You are invited to attend an event!
This event is for those who work with/in communities to help meet the dietary and/or food access needs of residents, local authorities, academics and other interested parties. In this workshop, we will consider the challenges and opportunities that underpin the question of how third sector organisations, local authorities, and others can effectively come together to reduce food insecurity and improve public health in communities.
The paradox of our food system is that those places where people are the most food insecure are also those with higher rates of illness linked to dietary practices. But how can the food futures of local communities, and the inequalities linked to them, be addressed against a backdrop of global food chains, powerful economic and political interests and complex interaction of social, cultural and personal influences? Local authorities are expected to play an increasing leadership role in addressing these challenges against a backdrop of continued budget reductions, as well as the possibility of locally devolved funding.
In this context, Local authorities and organisations concerned with supporting those who are food insecure need new ways of working together to enable the long-term sustainability and security of a community’s food system. The solutions are not easily achievable, but only through a coalition informed by effective civic leadership and the knowledge, skill and energy of third sector organisations will effective strategies be developed reflecting the culture and values of communities themselves.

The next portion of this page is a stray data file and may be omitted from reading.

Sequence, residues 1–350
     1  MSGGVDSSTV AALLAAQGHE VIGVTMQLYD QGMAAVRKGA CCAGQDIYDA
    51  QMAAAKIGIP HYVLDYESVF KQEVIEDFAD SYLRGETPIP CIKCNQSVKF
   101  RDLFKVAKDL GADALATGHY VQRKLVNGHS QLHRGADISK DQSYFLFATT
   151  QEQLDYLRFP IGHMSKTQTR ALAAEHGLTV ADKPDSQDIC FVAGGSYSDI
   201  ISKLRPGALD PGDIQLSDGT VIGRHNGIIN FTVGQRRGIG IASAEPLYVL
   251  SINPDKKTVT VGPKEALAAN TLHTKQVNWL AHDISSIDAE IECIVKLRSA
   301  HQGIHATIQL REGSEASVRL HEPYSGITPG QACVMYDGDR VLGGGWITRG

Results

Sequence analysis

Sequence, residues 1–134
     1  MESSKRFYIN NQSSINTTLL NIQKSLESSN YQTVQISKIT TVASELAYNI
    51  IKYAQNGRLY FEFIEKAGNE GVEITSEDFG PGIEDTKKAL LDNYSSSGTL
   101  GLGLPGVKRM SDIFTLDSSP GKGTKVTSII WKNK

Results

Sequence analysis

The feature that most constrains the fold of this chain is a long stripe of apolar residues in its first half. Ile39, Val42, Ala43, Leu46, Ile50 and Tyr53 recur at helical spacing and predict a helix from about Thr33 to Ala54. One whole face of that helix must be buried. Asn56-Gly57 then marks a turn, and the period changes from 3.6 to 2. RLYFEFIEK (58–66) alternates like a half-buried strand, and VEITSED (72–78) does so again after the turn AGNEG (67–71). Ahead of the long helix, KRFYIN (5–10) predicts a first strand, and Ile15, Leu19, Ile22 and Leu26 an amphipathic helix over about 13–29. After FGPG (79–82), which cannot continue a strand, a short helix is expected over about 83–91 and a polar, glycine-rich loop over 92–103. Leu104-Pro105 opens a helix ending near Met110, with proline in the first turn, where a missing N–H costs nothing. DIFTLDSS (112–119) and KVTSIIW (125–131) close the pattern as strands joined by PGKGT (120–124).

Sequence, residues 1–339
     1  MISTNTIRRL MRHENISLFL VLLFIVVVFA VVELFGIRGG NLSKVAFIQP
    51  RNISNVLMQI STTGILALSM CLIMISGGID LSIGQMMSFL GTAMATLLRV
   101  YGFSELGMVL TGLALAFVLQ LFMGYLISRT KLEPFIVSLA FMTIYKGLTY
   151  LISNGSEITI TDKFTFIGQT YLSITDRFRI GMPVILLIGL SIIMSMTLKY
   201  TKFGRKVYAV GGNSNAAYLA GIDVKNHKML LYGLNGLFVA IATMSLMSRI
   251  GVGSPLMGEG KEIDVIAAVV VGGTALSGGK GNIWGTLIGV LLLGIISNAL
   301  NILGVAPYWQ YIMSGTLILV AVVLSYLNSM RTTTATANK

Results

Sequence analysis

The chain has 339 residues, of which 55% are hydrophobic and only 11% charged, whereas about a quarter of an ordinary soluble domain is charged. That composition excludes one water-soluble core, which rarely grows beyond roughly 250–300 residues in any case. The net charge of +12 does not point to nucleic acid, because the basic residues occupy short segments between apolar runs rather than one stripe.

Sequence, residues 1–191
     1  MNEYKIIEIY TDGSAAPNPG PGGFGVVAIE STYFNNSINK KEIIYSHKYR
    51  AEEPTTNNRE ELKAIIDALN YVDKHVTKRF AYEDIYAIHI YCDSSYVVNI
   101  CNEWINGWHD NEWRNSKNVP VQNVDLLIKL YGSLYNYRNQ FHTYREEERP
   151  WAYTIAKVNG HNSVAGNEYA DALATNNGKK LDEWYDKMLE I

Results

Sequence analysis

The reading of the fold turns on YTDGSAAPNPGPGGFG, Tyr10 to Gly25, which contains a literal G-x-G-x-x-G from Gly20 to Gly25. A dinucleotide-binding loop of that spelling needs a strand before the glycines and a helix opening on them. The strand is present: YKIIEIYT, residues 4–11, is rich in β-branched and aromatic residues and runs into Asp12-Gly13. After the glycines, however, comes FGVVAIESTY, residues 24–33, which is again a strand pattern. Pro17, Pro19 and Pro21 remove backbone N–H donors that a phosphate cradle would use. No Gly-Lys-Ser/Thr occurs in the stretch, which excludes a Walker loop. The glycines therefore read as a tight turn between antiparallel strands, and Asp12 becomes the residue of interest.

9:00-10:00 Registration, Coffee and Networking
9:45-10:00 Welcome, Megan Blake, Director of the MA in Food Security and Food Justice, Sr Lecturer in Human Geography, University of Sheffield
10:0-11:30 Confirmed Speakers
Ingun Borg, Principle Research Officer, Department of Work and Pensions, will offer an explanation of Universal Credits and outline its implications for the ways families manage their time in order to meet care and work demands.
Jemma Hynes, Director of Food Programmes at FoodSync, will tell you about Feeding Stockport and the food development work of FoodSync in using whole systems approaches to tackle some of our biggest challenges.
Pamela Graham, Postdoctoral Researcher in Psychology at Northumbria University, will be discussing her research on children’s hunger breakfast clubs and non-term time feeding programmes.
Katie Badger, Masters Researcher at the University of Sheffield and Summer Intern with Doncaster Council Public Health, will present her work on the ways people use and interact with food banks.
Robert Reid, Director of the Hilltop Centre, will talk about the activities they do to support food security in Edlington and some of the challenges that they face.
11:30-12:00 Questions for the speakers
12:00-12:30 Table introductions and explanation of the afternoon workshop activities
1:30-3:30 Workshop: collaborative SWOT analysis on the question of how to work together to enable healthy and secure food for communities.
3:45-4:00 Table Summaries
4:00-4:30 Table discussions on Ideas to take forward into practice for Local Authorities, Community Organisations, and for further research.
4:30-5:00 Feedback on final discussion and summary of the day
Attendees are invited to a wine and cheese reception from 5:00-6:00 pm to round out the day.
This event is funded by ESRC IAA grant R/145185. The grant is in collaboration with Doncaster Public Health